This may not be exactly what you talk about, your friction was more about the frictionless web, but still I think it is related. Too little friction is not good at all, I agree with you!

  • http://www.xconomy.com/author/wroush/ Wade Roush

    @Herve, thanks for your comment. The American entrepreneur you quote sounds to me like a classic conservative/libertarian — the same sort of person who would say that governments shouldn’t provide poor people with food assistance. I agree with him that there’s only so much that agencies can do in the way of structured aid to startups; if teams aren’t truly entrepreneurial, all the aid in the world isn’t going to help. But my impression is that in Europe, the cultural barriers that entrepreneurs have to overcome are so high that the aid that does exist is useful and necessary.

  • http://traackr.com/ Pierre-Loic Assayag

    Great article, Wade!
    Though Traackr is at a stage where a relocation to the Valley seems very likely, starting in Boston in 2008 (worst possible time to raise) was the best thing that happened to us as it forged our identity, tested our resiliency, and forced us towards a stronger product vision and revenue. So I would absolutely agree with you that friction is essential to building strong businesses.
    Our location has started to become a liability rather than an asset very recently: once we found our path and needed more financial resources to fuel the business. Boston’s rather conservative investment community* makes great decisions when it comes to funding continuous innovation, tapping into existing markets where data is available to predict success; the same analytical methodology leads to terrible decisions when it comes to funding disruptive, market defining, ventures as very limited data is available.

    (*) Note that there are exceptions to the rule of course (Spark, one of Twitter’s early investors is afterall based in Boston) and several early stage funds have gotten started recently in New England.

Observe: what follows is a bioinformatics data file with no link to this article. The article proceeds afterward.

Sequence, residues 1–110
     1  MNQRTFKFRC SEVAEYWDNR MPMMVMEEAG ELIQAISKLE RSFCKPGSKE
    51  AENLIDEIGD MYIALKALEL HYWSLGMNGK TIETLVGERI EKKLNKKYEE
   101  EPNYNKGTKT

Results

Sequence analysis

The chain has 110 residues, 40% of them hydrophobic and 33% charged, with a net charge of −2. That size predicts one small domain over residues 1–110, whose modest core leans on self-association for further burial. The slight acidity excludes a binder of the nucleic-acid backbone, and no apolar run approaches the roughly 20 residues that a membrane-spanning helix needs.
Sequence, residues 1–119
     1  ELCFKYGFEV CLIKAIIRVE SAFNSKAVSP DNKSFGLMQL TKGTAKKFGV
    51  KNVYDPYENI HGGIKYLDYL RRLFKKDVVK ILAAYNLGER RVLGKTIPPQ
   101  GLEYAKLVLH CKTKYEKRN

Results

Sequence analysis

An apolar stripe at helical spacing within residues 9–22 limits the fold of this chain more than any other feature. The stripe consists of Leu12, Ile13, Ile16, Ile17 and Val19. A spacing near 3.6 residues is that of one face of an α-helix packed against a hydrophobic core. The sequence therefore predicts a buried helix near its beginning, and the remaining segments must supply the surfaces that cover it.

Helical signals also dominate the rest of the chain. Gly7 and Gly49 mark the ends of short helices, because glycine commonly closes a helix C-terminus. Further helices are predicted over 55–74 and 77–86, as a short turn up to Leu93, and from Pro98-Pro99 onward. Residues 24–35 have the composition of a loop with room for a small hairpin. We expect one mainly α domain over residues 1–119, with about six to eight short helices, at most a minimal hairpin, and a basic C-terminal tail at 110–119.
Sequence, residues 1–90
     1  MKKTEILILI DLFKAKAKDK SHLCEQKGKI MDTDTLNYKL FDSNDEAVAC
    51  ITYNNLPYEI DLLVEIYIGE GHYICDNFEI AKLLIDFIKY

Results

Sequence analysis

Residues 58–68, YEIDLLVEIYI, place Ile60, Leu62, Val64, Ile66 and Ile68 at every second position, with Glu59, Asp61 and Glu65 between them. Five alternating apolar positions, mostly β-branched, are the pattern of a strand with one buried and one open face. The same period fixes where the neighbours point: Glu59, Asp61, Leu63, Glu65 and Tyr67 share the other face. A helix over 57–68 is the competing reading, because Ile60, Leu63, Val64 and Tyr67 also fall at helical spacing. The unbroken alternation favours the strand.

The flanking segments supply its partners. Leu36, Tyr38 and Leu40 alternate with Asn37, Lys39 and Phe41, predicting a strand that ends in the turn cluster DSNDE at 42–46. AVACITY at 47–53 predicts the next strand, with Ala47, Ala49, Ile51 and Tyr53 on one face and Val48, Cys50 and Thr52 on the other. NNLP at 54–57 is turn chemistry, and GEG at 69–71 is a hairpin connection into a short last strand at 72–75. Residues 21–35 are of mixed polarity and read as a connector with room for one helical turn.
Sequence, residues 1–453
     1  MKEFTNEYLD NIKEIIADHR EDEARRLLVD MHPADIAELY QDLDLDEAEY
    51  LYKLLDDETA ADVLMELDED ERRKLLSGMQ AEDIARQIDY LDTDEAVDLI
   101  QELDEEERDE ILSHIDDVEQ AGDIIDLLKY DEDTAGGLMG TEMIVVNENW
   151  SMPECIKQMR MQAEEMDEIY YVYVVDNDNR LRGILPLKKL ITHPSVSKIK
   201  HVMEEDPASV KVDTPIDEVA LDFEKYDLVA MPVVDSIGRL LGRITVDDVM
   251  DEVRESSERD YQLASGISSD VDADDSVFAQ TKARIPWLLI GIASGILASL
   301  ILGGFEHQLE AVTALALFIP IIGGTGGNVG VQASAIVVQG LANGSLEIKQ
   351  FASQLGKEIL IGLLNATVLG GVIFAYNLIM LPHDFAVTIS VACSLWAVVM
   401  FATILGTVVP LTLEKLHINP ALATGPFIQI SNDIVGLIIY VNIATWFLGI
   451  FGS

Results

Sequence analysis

• http://www.masschallenge.org John Harthorne

    Very interesting and thoughtful article, Wade. We miss you out East.

    I would like to reinforce a point you make early in your article: that friction has been decreasing steadily in the Boston startup scene over the last few years. I would also note that it seems poised to decrease further still.

    Local angels are actually talking “bubble” and I can’t say I disagree entirely. Early stage funding isn’t yet “frothy”, but it is very active and appears to be accelerating quite steadily.

    Take this as one data point: in the last 2 months alone, ~10 MassChallenge startups have raised a total of over $4M in private funding (on top of the $1M we distributed). The vast majority of that funding came from within Massachusetts. RelayRides is actually the only exception of which I am aware — and we’re very proud of them and ecstatic that they received such great support, regardless of it’s geographic origin.

    At the end of the day, there is no denying that Massachusetts will remain at the forefront of innovation and entrepreneurship in the years to come. Based on the data I have seen from the 100+ startups we’ve been accelerating at MassChallenge, friction is decreasing rapidly and MA is actually well positioned to expand it’s dominance in entrepreneurship.

    If anyone out there wants to connect with funding or other startup resources in MA (or elsewhere), please email us via contact@masschallenge.org

    We are an independent non-profit, and there are no strings attached to our support or award money. We just help entrepreneurs win!